People released from prison who struggle with both mental illness and substance use problems are 12 times more likely to sustain an injury compared to those in the general public, according to a new Australian study published in the journal The Lancet.
Researcher Jesse Young from the Centre for Mental Health at the University of Melbourne led a study that analyzed the hospital records for 1,307 people released from seven Queensland prisons from 1 August 2008 to 31 July 2010.
His findings reveal that, among the 1,307 released, 227 had a dual diagnosis of mental illness and substance use problems; 99 had mental illness only; 314 had substance use disorder only; and 617 had no recent history of mental disorder
After release, a total of 407 suffered 898 injuries resulting in hospital contact. Of the 407, a total of 122 had both mental illness and substance use problems; 35 had mental illness only; 82 had substance use disorder only.
Those with both mental health and substance use disorders were injured at three times the rate of those released from prison with no mental health problems, and more than 10 times the rate of adults in the community.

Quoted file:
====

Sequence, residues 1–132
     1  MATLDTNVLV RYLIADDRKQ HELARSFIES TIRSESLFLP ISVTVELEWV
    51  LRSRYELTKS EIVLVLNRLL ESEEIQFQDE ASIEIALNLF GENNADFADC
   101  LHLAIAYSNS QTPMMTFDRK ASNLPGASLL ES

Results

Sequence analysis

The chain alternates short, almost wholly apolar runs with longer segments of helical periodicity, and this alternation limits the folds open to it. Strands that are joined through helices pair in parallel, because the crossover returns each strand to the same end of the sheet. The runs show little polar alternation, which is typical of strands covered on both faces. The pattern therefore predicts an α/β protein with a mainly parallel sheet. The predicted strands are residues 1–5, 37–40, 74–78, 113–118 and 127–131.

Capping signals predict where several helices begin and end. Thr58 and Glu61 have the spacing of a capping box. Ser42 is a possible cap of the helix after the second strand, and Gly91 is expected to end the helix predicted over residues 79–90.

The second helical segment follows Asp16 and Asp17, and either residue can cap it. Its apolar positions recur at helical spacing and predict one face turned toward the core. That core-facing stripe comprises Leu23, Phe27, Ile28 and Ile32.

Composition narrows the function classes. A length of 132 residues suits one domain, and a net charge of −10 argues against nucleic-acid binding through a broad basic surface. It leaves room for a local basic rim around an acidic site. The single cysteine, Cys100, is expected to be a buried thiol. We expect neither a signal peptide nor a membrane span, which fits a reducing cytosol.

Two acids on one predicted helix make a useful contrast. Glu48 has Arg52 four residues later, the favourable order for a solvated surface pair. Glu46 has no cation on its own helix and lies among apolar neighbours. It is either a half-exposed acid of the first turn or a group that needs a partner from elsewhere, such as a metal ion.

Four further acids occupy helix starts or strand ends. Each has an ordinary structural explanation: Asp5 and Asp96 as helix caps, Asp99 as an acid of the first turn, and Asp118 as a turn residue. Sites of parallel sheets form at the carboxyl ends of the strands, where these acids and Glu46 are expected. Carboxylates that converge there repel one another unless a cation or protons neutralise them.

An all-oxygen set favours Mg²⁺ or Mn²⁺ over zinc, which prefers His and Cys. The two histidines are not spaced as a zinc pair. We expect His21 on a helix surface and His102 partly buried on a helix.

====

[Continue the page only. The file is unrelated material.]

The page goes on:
“Injury is one of the major causes of death and disability globally,” said Young. “It can often result in hospitalisation which can, in turn, be very costly to society. Currently it’s estimated to cost more than four billion dollars in direct health care every year in Australia. On average, a hospital bed costs $1840 a day.”
One in five adults released from prison had a recent history of both mental illness and substance use disorder, which is 10 times higher than the estimated rate among the general Australian population.
Although risky drug use was a health concern for many people released from prison, Young said injury from causes other than drugs accounted for nine out of 10 injury events over the study period.
“To our knowledge there are few interventions that target injury from causes other than substance use for people transitioning from prison to the community,” said Young.
“Our findings show that some of the most vulnerable people released from prison experience an extremely high burden of injury in the community. For the first time we have shown specific groups and time periods where the risk of injury is greatest after release from prison.”
Young hopes his study will be used to direct resources to this vulnerable population.
“Continuous care between prison and community mental health and addiction services is urgently needed. This would not only benefit those vulnerable individuals but would reduce public healthcare costs. Spending in this area should be a public health priority,” he said.
Source: University of Melbourne